The development and adoption of point of care systems continues to increase due in part to expanding test menus, lower cost and advances in data management infrastructure.
To provide a forum on the needs and requirements for the lab of the future, we invited industry leaders and clinicians to join a live discussion on these important topics:
How market forces and new technologies are shaping the role of point of care testing in the lab of the future
Ways the point of care ecosystem could be impacted by new paradigms of customer needs, including where testing is performed and verified
How the IVD industry can contribute to the dialogue of the Lab of the Future and serve as a stakeholder in its development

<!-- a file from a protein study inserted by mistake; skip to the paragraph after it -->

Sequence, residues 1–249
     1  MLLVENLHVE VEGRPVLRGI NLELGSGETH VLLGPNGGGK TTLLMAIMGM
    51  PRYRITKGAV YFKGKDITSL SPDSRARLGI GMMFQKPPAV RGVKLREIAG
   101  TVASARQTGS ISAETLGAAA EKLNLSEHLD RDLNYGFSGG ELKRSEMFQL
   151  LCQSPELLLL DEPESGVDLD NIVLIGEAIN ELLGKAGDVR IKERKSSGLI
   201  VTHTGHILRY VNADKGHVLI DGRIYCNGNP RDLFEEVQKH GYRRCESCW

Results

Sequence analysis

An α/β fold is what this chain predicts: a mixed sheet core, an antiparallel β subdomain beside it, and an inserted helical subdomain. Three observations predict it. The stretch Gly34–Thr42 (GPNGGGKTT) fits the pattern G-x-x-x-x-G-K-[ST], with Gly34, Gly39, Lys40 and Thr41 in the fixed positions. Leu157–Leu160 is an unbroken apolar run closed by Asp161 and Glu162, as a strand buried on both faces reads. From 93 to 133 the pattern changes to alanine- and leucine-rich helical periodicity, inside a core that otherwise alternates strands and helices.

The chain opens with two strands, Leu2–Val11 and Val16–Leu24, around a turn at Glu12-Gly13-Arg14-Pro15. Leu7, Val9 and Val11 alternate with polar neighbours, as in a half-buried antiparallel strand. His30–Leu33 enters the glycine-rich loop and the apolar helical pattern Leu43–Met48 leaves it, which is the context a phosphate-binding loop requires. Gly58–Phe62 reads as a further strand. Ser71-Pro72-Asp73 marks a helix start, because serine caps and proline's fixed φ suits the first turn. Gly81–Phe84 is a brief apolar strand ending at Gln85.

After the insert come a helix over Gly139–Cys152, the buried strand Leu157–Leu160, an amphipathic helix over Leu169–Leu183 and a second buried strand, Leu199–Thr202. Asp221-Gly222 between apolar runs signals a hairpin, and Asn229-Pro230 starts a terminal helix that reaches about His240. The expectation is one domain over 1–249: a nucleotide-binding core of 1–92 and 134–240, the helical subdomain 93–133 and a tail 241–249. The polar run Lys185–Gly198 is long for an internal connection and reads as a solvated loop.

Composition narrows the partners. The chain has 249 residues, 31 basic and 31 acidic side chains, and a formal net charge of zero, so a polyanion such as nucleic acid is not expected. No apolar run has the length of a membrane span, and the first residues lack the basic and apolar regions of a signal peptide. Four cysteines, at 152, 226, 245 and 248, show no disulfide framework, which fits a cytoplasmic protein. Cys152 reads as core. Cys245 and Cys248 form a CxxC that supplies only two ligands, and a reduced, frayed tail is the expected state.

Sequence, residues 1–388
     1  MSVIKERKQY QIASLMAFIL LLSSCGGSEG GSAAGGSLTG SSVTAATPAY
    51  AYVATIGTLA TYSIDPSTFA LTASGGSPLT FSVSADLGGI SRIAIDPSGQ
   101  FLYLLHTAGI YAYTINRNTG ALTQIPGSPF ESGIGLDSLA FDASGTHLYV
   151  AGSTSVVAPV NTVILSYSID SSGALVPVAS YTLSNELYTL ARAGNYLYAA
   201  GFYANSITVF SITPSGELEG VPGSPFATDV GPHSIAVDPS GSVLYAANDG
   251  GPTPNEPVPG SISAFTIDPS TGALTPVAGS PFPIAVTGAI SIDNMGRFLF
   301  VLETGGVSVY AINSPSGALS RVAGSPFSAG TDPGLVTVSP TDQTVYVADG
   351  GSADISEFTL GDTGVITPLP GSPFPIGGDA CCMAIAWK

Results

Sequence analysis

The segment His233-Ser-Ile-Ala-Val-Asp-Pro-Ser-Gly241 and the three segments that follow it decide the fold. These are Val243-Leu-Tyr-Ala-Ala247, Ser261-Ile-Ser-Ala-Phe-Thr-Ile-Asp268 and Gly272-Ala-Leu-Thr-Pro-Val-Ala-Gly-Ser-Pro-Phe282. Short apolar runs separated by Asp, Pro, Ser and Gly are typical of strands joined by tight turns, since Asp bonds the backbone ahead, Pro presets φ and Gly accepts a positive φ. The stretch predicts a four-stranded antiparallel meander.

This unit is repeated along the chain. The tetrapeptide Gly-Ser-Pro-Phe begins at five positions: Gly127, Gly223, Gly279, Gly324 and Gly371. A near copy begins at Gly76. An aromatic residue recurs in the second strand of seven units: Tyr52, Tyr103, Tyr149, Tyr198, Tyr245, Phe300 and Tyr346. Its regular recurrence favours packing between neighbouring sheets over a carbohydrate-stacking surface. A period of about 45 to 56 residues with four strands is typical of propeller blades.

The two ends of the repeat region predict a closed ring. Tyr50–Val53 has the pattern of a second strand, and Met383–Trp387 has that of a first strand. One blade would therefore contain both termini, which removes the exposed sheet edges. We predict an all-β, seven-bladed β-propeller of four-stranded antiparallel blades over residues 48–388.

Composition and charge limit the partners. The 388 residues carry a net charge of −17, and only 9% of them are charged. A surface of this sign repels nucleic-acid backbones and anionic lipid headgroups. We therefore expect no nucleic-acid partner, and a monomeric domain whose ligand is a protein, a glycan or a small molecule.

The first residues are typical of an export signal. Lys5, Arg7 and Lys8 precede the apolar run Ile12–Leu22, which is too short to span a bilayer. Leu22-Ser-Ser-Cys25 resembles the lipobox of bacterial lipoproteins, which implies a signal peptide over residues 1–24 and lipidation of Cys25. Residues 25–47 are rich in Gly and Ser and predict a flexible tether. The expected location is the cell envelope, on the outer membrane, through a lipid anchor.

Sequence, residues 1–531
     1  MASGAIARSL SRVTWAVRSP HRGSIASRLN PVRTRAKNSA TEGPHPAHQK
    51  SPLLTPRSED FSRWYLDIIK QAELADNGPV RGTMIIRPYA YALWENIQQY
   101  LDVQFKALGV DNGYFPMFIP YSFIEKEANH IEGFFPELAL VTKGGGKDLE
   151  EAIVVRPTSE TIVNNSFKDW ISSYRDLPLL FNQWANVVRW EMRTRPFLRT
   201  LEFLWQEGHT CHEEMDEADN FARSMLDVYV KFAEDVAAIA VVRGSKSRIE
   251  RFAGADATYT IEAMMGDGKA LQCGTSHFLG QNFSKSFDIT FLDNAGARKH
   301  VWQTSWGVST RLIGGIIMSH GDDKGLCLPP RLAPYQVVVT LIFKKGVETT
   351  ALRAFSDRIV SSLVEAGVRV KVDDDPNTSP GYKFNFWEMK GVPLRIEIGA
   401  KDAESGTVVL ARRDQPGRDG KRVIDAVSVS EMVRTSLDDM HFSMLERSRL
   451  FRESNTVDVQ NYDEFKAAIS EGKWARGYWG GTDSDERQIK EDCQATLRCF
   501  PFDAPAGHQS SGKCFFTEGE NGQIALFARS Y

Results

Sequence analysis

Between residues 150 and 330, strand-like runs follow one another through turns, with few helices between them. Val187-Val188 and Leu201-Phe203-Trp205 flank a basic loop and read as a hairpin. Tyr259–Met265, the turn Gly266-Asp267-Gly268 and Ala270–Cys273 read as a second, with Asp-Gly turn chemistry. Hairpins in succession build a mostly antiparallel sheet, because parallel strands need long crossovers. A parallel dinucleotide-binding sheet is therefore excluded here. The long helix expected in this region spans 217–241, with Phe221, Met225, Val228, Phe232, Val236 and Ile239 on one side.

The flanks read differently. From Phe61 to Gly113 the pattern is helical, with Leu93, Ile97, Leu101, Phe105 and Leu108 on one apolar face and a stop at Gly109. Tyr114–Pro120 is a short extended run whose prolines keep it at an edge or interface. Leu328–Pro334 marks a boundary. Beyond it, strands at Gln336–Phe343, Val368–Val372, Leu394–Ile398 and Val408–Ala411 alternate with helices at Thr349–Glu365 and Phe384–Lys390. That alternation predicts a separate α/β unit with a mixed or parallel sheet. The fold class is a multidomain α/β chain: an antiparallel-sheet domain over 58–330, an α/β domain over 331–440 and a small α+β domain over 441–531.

The discussion was hosted by the American Association of Clinical Chemistry (AACC) and featured presentations by:
Krista Thompson, Vice President of Global TEG & Diagnostics at Haemonetics, providing insights on the rising need for reliable, simple tests that can be administered in hospitals and at the point of care that can enable rapid and accurate therapy decisions;
Robert Bujarski, Senior Vice President, Business Development and General Counsel for Quidel Corporation, identified key product development considerations for Point of Care systems including performance, ease of use, turnaround time, cost-effectiveness and information connectivity; and
Dr. Valerie Ng, Chair of Laboratory Medicine and Pathology, Director of Clinical Laboratory, and Director of Transfusion Service at Alameda Health Systems Highland Hospital in Oakland, California, who provided the practical clinician’s view of real-life implementation of point of care testing in the healthcare system of today and for the future.
Below is a recap of the main points that were discussed. Click here to watch the webinar recording in its entirety.
Products adapted to changing patient needs